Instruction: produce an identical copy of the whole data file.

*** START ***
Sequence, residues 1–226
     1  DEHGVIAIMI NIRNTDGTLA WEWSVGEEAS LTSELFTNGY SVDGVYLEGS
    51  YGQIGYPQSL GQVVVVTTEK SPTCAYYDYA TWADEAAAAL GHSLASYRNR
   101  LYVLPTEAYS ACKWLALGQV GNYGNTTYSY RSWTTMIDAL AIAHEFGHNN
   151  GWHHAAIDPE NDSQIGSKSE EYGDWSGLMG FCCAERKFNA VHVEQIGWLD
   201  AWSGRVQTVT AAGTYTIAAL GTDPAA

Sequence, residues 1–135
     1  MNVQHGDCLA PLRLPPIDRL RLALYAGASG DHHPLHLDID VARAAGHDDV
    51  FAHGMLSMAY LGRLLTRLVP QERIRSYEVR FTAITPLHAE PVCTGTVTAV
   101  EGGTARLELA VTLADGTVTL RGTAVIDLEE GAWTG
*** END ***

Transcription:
Sequence, residues 1–226
     1  DEHGVIAIMI NIRNTDGTLA WEWSVGEEAS LTSELFTNGY SVDGVYLEGS
    51  YGQIGYPQSL GQVVVVTTEK SPTCAYYDYA TWADEAAAAL GHSLASYRNR
   101  LYVLPTEAYS ACKWLALGQV GNYGNTTYSY RSWTTMIDAL AIAHEFGHNN
   151  GWHHAAIDPE NDSQIGSKSE EYGDWSGLMG FCCAERKFNA VHVEQIGWLD
   201  AWSGRVQTVT AAGTYTIAAL GTDPAA

Sequence, residues 1–135
     1  MNVQHGDCLA PLRLPPIDRL RLALYAGASG DHHPLHLDID VARAAGHDDV
    51  FAHGMLSMAY LGRLLTRLVP QERIRSYEVR FTAITPLHAE PVCTGTVTAV
   101  EGGTARLELA VTLADGTVTL RGTAVIDLEE GAWTG